“Di-lemmmmmmma! Dilemma!” my 17-year-old son goes around the house, singing to the tune of “Tradition!” from “Fiddler on the Roof.” (Try it, it tracks.)
So what might his (non-musical) dilemma be? My son is a senior in high school. And you know what that means—college application time! All the experts advise visiting a college before applying. Not only does it present an opportunity to display that much in demand “demonstrated interest,” but it also allows teens to assess whether the school in question would be a “good fit.”
Personally, I don’t see the point of checking out a school before you’re accepted. Considering how competitive the process is these days, why get attached to a place you’ll likely be rejected from? I suggested that my son apply first, then worry about visits and “fit” once he gets in. He gave me that “Parents Just Don’t Understand”—hat-tip Will Smith—look.
Fine, my opinion isn’t relevant here. But here is a fact: We cannot afford to fly him around the country to visit every school he thinks he might be interested in. My husband and son took some bus trips to colleges within a day’s traveling distance (we can’t afford to spend the night in local motels, either), but that’s it.
As a result, my son has been applying to fly-in programs, where the colleges pay for your trip and your accommodations once you get there. As an added bonus, you get to sit in on classes and chat with students already in the program to get a sense of whether or not you might want to go there.
My son got into several such competitive programs.
So far, so good.
But here is the not-so-good part.
One of them was the Monday and Tuesday of Rosh Hashanah. Another is the Monday before Yom Kippur, with a return home on Tuesday—post-sundown.
After mumbling about micro-aggressions and are these places certain they know what the word “diversity” actually means, my son asked me what he should do.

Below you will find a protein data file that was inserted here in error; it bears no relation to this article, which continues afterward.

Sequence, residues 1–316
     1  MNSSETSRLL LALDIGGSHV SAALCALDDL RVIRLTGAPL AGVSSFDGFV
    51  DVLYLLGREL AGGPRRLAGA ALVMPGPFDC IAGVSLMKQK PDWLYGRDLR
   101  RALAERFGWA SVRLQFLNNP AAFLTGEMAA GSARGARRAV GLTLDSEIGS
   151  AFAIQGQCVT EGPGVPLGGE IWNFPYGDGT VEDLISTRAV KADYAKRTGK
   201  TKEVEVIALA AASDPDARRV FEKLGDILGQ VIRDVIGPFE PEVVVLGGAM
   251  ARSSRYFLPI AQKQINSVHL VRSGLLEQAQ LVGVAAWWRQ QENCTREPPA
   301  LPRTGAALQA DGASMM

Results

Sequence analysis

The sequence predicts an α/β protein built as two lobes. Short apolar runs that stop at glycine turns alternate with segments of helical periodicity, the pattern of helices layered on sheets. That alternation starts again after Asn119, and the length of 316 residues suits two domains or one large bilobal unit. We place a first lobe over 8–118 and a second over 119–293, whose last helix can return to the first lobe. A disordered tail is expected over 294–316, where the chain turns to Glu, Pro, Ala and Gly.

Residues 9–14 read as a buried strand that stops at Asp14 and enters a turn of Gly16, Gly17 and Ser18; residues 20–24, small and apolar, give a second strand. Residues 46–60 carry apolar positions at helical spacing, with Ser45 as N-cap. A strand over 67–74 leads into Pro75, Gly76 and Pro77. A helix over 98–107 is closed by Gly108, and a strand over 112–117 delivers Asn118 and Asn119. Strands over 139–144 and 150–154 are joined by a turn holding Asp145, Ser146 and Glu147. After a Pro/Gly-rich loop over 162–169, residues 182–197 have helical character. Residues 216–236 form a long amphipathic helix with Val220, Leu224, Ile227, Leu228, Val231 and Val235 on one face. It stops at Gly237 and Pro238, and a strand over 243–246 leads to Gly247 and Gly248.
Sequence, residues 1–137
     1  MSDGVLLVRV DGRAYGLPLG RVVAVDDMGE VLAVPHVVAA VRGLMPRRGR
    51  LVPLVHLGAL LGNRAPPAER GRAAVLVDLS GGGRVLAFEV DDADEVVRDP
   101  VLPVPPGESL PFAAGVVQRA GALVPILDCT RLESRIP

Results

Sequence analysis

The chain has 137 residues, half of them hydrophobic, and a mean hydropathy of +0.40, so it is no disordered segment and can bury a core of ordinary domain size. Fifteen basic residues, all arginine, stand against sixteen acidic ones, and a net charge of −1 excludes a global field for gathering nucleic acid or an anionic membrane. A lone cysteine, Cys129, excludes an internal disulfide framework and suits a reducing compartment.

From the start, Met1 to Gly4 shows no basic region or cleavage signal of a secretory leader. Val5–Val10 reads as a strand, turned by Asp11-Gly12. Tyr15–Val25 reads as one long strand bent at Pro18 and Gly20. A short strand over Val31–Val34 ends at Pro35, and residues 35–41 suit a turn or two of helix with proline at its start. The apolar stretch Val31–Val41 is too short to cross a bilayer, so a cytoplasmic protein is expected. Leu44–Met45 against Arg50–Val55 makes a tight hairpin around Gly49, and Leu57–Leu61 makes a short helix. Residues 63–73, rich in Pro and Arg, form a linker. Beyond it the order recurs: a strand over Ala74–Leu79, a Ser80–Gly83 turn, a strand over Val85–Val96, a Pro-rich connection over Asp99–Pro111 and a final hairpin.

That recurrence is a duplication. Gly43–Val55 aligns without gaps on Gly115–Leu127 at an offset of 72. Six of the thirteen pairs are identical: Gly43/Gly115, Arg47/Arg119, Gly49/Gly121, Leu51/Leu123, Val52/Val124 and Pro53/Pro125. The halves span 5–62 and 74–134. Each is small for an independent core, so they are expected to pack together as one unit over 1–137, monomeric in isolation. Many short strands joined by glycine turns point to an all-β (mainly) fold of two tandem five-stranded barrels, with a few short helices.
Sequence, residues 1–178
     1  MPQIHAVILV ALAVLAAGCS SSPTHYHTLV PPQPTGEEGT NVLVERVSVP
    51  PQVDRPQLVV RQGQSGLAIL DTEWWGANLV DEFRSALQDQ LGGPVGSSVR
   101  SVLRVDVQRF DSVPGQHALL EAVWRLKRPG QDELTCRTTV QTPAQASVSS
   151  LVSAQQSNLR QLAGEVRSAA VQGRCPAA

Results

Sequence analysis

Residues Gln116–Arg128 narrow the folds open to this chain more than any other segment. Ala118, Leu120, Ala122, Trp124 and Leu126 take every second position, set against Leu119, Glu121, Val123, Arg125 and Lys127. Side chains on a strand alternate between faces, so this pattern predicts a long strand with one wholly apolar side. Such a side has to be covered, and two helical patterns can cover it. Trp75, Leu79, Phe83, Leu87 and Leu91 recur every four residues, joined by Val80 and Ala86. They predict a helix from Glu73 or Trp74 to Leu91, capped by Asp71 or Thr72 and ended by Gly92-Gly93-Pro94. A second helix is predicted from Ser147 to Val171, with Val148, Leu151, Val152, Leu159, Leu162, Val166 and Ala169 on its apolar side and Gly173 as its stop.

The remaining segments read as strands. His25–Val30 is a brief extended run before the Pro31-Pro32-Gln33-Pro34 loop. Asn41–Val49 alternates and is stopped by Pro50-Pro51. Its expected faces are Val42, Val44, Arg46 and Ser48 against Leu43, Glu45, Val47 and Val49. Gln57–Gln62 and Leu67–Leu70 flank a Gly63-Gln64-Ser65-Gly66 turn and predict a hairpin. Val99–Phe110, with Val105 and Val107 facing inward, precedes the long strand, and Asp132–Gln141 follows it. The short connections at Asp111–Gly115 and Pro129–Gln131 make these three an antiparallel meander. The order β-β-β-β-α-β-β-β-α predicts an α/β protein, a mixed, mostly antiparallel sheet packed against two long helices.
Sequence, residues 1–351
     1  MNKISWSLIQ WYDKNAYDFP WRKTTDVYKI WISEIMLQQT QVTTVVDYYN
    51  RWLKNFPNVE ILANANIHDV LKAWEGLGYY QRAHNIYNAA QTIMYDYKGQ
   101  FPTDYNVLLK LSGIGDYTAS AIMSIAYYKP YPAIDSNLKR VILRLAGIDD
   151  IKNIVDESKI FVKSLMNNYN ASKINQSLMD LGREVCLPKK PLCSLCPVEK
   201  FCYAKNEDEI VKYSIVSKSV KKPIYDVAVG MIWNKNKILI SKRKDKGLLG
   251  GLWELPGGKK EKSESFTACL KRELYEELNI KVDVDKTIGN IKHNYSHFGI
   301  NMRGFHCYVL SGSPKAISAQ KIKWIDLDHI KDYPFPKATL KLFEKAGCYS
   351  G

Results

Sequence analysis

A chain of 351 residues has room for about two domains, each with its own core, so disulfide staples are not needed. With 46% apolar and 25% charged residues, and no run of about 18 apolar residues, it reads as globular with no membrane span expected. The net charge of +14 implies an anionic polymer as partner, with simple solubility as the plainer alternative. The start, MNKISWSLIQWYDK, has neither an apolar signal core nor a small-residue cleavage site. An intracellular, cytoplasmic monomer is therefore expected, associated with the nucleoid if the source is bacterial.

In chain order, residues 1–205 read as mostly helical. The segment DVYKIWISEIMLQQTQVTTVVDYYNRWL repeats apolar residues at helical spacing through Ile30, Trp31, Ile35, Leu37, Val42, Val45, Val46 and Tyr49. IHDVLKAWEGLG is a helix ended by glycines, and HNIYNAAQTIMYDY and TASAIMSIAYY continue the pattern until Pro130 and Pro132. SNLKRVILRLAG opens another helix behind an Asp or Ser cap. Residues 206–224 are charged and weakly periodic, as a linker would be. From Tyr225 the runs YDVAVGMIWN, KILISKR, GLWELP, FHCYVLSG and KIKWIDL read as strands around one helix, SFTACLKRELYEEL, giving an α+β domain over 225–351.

And I gave him the answer all teens claim they want: “It’s up to you.”
It did not appear to be the answer he wanted under the circumstances. I’m pretty sure he wanted me to tell him what to do, so that he could be held completely blameless for the subsequent consequences, both in his mind and, officially, before the Jewish community.
I declined to offer him that out.
My son has been tackling the majority of the college application process himself. He did the research about individual schools—including which ones offered merit scholarships for students who fit his profile. He is filling out the online forms and writing the supplemental essays—at least the initial drafts—on his own, with me promising to read them and offer editorial advice only once he has something on paper he’s happy with (which, for this perfectionist kid, means hours and hours of angsty revisions). He’s soliciting letters of recommendations from teachers and internship supervisors. All I do is periodically write a check for an SAT or AP test, or an application fee (he’s also requesting fee waivers when he qualifies).
I believe that if you can’t apply to college by yourself, then how can you go to college by yourself?
One of the key elements to surviving those first years on your own is the ability to make independent (and hopefully good) choices. And that includes deciding for yourself whether you’ll be visiting colleges over the High Holidays.
My son’s mumbling over micro-aggressions eventually turned into sotto voice complaints about parents who refuse to make life easy for you.
And then, as the deadlines for accepting or declining loomed closer, my son emailed one college and asked if he might be able to attend Rosh Hashanah services while on campus. The program’s coordinator promptly connected my son with the Hillel rabbi.
Empowered, my son went a step further. He asked the program coordinator at the next school if, instead of taking the train home on Tuesday, October 11 like everyone else was scheduled to, they could, instead, fly him back to New York City in time for Kol Nidre.
They agreed. (And I was, honestly, stunned. I never expect anyone to be accommodating for any reason, and just assume I have to be the one to suck it up. My husband tells me I should really work on that.)
Do I agree with my son’s decision? It doesn’t really matter. Ever since he got back from his Bronfman Youth Fellowship in Israel and informed me that I had done an inadequate job of educating him about Judaism, he has been struggling to decide how he wants to live as a Jew, and what exactly that even means.
This decision was one of many he’ll be making for the rest of his life (even if he ultimately decides to reject everything about Judaism, that’s still a decision). I’m just happy that, unlike me, he decided to be proactive about his di-lemmmmmma (dilemma!). He didn’t see it in binary terms—yes, go or no, don’t go—he actually came up with a solution that was workable for him (others may not agree, but their opinion matters even less than mine does).
As Tevya would say, “And you are also right….”